And Alton Brown is my favorite Food Network personality, but he is NOT the right fit for this show whatsover. I don't know what it is but the chemistry he has with the chefs is like oil and water.

        1. re: Bunson

          "Top Chef had 15 contestants, 2 challenges per episode; not only did they go over all the dishes presented to the judges but they were able to give viewers a feel for each chef's personality and style."

          I disagree. Top Chef's approach is to focus on a handful of contestants, and ignore the rest. We only saw a detailed description of the top dishes and bottom dishes. The chef's complained that they received little feedback if they weren't on top or on bottom. When watching the reunion episode, there were at least three chefs whom I could not name.

          TNIC makes a point to give each chef air time, and to critique each dish. Unfortunately, the result of this is a lack of focus in the earlier episodes. I expect things to improve as the number of chefs dwindles.

          I do agree with you that TNIC suffers from sloppy editing. As others have said, devoting less time to recaps before and after commercial breaks would be an enormous improvement.

      3. Love the chefs, love the challenges, love the concept, love the judges, hate the editing.

        I was pleased to hear the judges imply that overall performance throughout the competition will be used to determine eliminations. That was my number one complaint about Top Chef. It also gives me confidence that Cosentino, my fave, will make it to the final four.

        I hope the editing gets tighter in the coming weeks. I noticed that two chefs are set to go home next week, so I expect there to be more of a focus when they're down to four.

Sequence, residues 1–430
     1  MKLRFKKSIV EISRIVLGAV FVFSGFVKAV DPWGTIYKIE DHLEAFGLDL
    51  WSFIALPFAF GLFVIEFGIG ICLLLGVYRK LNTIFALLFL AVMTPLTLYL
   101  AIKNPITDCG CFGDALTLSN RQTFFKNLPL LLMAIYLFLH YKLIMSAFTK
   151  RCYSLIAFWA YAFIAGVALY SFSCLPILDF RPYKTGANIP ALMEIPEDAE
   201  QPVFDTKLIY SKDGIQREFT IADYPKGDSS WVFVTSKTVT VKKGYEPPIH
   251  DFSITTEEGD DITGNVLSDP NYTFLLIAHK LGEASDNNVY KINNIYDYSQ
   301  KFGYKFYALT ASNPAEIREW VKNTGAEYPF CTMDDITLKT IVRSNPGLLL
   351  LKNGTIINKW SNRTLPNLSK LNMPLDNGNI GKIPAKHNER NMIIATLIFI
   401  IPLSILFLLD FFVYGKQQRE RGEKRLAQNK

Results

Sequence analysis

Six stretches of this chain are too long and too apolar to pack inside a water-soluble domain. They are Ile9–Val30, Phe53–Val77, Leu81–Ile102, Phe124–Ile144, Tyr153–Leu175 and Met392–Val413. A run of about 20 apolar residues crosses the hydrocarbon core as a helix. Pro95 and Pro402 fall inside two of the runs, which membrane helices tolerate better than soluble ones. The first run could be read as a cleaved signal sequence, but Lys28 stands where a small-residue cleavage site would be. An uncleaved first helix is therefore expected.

1. I caught a bit of TNIC and have to say while the chefs were obviously real, it seemed sort of dumb. The part I caught had them cutting up bulk items, chickens, produce, etc. That lost me right there. Given the level of abiltiy of the chef, seems like a waste of time, mine and theirs. I didn't watch any more. The editing was weird.

          2 Replies
          1. re: ML8000

            But cutting up those items quickly and correctly is exactly the skill set needed for an Iron Chef with the time restraint.

            Furthermore, the chef was penalized if an item wasn't prepped properly. It wasn't all about just the speed. Regardless of the show requirements, I'd think every good chef needs the ability to butcher fast and correctly. There's always an element of time constraints in any professional cooking situation.

            1. re: Jase

              You're right they need those skills but it seems like a given to me. Subjecting the viewer to such details could be educational...or overkill.

          2. I comment once again! I say bravo because i'm happy to see real cooking and creativity, and loved the intricacy and weirdness of the technology challenge. but yes the editing is terrible, and yes what's up with Alton? While wiping chef Besh's, or Cosentino's face with a towel it looked like he was going to knock him out. He seems a little cranky and maybe envious. Who knows? He's no Padma, talks way too fast =), but doesnt have her charm either. He needs more enthusiasm, less sarcasm, and some charm to boot.

            1 Reply
            1. re: sharonm

              Why isn't Steingarten judging - anyone know?